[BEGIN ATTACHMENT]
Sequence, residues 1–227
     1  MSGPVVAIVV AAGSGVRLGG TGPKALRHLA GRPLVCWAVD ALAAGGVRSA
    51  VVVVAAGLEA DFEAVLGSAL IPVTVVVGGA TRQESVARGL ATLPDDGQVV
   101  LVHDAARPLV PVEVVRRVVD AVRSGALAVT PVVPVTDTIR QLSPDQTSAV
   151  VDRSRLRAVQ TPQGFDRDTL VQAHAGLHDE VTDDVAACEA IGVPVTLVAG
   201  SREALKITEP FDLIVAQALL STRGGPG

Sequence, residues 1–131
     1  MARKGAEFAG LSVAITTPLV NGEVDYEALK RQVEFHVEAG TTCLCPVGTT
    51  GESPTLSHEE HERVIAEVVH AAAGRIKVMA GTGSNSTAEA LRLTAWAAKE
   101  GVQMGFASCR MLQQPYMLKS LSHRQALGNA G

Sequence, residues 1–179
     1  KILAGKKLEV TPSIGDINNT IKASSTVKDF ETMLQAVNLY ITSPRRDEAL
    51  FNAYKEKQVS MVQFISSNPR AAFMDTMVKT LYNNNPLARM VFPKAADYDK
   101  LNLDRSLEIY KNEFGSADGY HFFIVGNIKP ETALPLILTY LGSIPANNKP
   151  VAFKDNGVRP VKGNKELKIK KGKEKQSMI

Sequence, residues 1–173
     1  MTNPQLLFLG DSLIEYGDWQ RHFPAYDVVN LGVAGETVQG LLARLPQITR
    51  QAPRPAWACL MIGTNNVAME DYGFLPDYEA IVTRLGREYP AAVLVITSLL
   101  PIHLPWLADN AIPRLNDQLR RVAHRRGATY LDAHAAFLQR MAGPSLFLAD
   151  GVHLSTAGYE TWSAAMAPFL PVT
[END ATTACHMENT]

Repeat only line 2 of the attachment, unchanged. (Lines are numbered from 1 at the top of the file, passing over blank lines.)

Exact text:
     1  MSGPVVAIVV AAGSGVRLGG TGPKALRHLA GRPLVCWAVD ALAAGGVRSA